The T-score is a measure of the number of standard deviations your bone density is away from a “Young Adult’s” bone density. It gives you an idea of how you compare to someone considered to be at peak bone health.
Once you reach your peak bone mass around age 40, you begin to lose 1% of your bone mineral density each year on average. That is why comparing your bone density to a young adult’s is more practical because they are at a lower risk for fractures.
The pictures below will give you a visual representation of your scores.
For both rows pictured below, the number on the top of each figure is the T-score for the Bone Mineral Density (BMD) that will be reported for any bone density test you’ve taken (Left Femur, Right Femur, Spine, or Total Body).
At the bottom of each figure is a “%” score associated with the T-score value. Using a scale of 1 to 100, the “%” score is how your BMD compares to people of your gender in the standard comparison group of “Young Adults” that is used to diagnose osteopenia and osteoporosis.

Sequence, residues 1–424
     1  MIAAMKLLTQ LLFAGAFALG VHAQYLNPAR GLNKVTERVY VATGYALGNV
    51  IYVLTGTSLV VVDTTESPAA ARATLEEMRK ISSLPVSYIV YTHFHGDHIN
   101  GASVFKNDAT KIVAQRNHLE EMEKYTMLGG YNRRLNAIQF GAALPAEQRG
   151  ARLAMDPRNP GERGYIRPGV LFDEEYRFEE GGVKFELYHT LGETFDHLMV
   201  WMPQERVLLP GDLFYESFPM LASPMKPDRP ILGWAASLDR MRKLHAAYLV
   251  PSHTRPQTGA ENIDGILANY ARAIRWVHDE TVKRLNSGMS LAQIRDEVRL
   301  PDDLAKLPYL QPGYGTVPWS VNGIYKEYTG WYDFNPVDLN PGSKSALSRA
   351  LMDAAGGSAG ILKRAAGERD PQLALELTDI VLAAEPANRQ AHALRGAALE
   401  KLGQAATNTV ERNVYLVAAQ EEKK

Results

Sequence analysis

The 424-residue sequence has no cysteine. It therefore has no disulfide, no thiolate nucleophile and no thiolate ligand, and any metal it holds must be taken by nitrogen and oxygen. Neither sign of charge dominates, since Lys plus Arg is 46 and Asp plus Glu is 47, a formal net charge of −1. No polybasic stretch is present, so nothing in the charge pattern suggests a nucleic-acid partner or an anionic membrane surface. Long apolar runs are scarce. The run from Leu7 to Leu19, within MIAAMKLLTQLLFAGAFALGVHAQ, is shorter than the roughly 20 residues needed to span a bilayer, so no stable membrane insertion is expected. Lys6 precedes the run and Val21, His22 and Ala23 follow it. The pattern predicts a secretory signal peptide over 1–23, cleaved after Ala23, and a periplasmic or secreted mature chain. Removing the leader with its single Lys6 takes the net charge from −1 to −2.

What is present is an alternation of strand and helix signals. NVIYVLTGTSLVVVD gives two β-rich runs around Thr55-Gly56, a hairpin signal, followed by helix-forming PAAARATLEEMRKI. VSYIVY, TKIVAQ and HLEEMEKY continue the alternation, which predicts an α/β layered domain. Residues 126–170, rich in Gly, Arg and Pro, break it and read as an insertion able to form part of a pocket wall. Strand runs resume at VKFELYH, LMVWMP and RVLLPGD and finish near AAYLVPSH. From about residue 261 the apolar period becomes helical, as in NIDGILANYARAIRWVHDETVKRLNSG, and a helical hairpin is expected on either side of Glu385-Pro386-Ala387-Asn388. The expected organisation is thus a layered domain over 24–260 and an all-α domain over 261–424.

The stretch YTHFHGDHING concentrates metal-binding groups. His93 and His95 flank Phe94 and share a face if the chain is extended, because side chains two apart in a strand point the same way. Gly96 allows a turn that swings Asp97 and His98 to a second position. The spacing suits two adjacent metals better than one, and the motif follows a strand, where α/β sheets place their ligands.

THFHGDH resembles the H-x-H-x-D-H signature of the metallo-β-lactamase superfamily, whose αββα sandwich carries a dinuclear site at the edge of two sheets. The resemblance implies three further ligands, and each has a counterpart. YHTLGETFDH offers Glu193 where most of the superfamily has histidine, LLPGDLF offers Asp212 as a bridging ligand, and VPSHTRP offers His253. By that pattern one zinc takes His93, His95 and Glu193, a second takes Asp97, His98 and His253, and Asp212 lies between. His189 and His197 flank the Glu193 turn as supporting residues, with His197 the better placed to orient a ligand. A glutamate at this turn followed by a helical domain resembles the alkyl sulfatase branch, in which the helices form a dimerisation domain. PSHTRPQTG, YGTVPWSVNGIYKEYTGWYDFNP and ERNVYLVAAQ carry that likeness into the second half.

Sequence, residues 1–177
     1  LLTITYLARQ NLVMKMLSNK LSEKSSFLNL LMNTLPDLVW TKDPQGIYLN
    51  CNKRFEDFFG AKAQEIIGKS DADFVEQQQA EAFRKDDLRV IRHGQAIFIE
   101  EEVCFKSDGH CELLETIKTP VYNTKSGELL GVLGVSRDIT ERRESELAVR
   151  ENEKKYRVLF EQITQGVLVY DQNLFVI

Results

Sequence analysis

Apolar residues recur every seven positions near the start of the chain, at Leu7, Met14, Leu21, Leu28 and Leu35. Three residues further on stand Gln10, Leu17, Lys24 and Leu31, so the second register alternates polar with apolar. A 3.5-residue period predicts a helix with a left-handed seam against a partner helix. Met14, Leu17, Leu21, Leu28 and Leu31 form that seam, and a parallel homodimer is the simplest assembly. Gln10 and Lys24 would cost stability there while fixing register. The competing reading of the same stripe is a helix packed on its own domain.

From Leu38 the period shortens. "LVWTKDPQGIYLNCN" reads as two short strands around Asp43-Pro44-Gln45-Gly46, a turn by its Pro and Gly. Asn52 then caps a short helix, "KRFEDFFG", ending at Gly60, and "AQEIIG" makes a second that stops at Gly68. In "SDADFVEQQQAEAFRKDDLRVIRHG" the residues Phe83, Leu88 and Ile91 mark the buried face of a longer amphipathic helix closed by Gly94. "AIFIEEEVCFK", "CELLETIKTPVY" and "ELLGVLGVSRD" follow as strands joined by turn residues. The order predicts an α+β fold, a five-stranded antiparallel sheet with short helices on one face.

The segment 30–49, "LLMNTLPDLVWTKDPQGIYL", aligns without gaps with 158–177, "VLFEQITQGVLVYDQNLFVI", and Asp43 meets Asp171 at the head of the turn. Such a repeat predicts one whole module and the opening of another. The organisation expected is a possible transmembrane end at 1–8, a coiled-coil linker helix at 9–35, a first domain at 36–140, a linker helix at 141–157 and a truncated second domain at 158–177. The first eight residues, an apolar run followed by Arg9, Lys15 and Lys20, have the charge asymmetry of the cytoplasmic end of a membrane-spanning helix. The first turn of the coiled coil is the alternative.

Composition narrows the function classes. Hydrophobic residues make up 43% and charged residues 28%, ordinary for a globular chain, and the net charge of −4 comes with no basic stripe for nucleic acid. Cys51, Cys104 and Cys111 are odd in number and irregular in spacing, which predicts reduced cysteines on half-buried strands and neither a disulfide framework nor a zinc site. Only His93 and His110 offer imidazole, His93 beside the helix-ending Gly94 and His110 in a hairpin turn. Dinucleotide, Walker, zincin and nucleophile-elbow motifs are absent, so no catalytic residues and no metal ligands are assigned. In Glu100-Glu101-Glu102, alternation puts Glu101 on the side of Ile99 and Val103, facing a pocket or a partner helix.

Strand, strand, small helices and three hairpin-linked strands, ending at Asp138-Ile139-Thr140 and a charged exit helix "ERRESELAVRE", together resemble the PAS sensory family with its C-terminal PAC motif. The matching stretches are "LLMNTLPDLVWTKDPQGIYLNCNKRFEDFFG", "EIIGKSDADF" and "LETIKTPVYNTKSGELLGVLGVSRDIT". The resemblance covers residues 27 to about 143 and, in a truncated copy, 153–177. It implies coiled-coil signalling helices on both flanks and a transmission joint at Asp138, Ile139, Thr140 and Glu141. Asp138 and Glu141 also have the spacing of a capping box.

For example, if your T-score was 0.6, your “%” score would be “73%” suggesting that your BMD was better than 73 out of 100 people of your gender in the comparison group and worse than only 26 out of 100.
- The green figures above indicate above average BMD, the darker the green, the better your BMD.
- The yellow figures indicate that you are in low bone density territory.
- The orange figures indicate Osteopenia (-1.0 to -2.4) , where bone density is below normal and may lead to osteoporosis.